Starlings fly in beautiful formations called murmuration.
    Spinning and moving with a fluid movement that is beautiful to watch.


    • They do very much resemble starlings except that starlings are imported from England in the late 1800 while grackles evolved in North America and are one of the few entirely American birds. They live exclusively in the northeastern U.S. and eastern Canada. They are down in Texas I am told, but that seems to be as far as they have gone.

      Grackles are beautiful to watch, though when dozens of them drop by your deck, that’s a lotta birds! Starlings form flocks sometimes, but grackles always travel in flocks. It’s rare to get one or two grackles. Get one or two, bet that a couple of hundred are not far behind. But. They do resemble each other in form and color, though the way their coloration is arranged is different. I’m sure they could travel together and confuse people 😀

      Liked by 1 person

      • Same with our busy starlings.
        Damp morning a flock will suddenly descend onto our grass around our bird feeders and hoover up the last grain of fallen seed then they spread out an search the rest of our garden, Then, suddenly, like a silent command is given, the whole lot lift off with that lovely whirling sound of their wings and are gone.

        You can’t beat nature for lifting your spirits.


  2. Bravo! Well written (and shot). At least you are doing SOMETHING, not sitting on your hands wishing. Humans (IMHO) have lost the ability to appreciate nature’s wonders and disregards the fragile balance that nature requires by building and paving over and infesting the world with so many people that everything else is killed. That’s lethal thinking too. Hopefully by the time the earth has had enough and decides to rid itself of the infestation, you and I will be long gone. Humanity has once again proven too stupid to live and natural selection takes the day. Beautiful photos! You do such an amazing job, you are a true artist! I’ve taken a liberty and ‘borrowed’ one of your beautiful photos (with credit to you and a link to this post) for Word of the Day tomorrow. I hope that’s okay with you.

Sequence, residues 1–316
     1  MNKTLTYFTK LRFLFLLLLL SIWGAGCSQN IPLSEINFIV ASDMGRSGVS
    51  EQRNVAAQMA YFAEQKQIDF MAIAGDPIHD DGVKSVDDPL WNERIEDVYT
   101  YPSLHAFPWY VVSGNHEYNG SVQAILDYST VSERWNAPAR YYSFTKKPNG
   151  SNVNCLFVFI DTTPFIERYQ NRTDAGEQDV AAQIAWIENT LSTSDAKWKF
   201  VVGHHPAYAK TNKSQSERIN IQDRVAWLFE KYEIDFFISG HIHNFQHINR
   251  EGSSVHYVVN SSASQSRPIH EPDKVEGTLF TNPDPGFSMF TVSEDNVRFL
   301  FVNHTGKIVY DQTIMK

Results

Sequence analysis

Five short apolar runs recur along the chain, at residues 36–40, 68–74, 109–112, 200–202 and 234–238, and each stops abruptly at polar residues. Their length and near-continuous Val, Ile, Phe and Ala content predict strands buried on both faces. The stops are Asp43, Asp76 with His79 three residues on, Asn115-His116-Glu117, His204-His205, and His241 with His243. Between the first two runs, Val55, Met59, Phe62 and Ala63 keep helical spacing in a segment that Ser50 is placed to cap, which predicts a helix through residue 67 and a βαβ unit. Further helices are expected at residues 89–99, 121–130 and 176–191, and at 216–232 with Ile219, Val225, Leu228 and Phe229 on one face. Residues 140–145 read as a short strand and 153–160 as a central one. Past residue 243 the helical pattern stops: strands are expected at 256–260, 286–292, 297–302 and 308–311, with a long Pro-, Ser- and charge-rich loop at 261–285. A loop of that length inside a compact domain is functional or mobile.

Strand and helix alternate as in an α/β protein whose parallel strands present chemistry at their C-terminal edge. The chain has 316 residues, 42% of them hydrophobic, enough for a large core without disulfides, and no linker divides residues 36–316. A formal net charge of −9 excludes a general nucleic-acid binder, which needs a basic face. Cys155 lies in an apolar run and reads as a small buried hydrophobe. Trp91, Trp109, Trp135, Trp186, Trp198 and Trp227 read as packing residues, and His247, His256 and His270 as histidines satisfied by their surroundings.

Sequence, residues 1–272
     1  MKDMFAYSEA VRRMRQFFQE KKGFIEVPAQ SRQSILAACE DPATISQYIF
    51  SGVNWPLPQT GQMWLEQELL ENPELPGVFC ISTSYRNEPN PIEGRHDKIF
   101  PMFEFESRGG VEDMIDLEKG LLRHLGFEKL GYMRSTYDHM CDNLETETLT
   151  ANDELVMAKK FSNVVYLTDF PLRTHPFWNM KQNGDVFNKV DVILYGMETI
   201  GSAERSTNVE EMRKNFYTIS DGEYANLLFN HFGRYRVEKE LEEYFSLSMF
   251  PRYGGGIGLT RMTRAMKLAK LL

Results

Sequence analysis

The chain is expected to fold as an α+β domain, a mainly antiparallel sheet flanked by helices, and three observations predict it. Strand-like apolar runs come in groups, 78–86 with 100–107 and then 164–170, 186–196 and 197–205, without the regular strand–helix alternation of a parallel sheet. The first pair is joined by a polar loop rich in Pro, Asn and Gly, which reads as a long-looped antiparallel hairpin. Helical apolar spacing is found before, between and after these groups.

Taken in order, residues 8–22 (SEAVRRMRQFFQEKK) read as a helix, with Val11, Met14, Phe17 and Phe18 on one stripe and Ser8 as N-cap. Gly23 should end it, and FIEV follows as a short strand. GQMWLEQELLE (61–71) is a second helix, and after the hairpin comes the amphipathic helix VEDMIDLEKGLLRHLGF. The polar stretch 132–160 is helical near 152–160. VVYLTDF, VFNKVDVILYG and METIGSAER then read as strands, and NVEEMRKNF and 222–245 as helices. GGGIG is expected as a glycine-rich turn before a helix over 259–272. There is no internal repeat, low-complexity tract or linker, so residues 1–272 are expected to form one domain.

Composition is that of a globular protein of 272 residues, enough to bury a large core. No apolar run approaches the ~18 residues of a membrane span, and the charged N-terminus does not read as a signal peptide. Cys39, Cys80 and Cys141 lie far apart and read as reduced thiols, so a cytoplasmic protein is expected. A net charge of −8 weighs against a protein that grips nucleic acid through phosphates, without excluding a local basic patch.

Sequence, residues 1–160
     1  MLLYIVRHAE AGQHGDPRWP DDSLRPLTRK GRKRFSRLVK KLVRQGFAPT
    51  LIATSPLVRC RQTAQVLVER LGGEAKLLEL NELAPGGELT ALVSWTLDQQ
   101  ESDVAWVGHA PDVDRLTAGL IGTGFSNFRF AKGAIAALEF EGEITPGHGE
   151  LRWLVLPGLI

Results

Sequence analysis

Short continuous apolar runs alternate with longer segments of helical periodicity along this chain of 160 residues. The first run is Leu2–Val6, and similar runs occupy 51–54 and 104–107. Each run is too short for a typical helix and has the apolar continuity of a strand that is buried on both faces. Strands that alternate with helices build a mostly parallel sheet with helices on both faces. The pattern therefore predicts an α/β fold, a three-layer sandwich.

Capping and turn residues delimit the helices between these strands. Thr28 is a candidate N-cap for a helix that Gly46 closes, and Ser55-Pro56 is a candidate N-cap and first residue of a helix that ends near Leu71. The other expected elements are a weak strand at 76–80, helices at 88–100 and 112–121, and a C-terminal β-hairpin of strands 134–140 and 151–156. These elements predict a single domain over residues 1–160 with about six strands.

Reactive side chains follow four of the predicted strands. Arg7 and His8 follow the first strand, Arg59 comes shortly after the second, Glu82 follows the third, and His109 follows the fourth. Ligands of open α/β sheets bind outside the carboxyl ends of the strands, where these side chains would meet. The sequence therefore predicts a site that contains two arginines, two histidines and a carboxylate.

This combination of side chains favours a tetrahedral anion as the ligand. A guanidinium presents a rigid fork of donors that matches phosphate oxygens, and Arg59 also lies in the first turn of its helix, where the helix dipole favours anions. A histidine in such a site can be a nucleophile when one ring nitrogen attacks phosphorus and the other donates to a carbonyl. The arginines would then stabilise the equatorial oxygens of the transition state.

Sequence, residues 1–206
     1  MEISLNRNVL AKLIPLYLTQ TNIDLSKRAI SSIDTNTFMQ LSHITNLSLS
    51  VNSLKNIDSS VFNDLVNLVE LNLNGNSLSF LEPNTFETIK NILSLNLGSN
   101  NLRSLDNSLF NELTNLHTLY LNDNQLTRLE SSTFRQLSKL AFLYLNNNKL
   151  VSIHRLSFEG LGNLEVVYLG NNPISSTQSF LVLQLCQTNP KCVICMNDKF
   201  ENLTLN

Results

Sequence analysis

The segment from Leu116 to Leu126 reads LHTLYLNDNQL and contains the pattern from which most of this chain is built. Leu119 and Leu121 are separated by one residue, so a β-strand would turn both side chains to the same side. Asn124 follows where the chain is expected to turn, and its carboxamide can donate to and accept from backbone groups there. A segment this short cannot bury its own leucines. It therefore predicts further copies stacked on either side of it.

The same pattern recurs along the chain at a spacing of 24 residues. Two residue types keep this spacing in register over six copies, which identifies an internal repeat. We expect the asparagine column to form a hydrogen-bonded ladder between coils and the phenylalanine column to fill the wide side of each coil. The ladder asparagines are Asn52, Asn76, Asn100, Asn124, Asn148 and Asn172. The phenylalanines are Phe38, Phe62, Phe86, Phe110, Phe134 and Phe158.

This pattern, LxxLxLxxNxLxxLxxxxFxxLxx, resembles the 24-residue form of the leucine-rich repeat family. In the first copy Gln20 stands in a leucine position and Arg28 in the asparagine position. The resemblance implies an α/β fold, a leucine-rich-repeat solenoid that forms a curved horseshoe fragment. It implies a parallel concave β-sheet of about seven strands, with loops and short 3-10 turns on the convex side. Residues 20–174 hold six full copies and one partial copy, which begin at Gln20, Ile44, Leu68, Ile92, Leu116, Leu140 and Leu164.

• You are welcome to use any of my pictures you want and thank you for liking them!

      There were no grackles this morning. Not even that one loner, but I think I saw them in the woods, so maybe a couple have decided to nest here. A couple of them would be fine. When they don’t swoop down in a horde, they are just birds like any other.

      I think you are right. We are obviously — as a species — too stupid to do what it takes to keep from dying out. It’s appalling, but while we are killing the wild creatures, we are also killing ourselves, even if most people simply won’t recognize it. I may be wrong, but I don’t think people were meant to live on concrete and drink polluted water. But, that’s what we appear to be doing and I don’t see any plans to even begin to fix the problem. Taking pictures seems to be the outside limits of what I can do. It’s not EVEN a drop in the bucket — but it’s the best I have to offer.


  3. Look at its colors. Amazing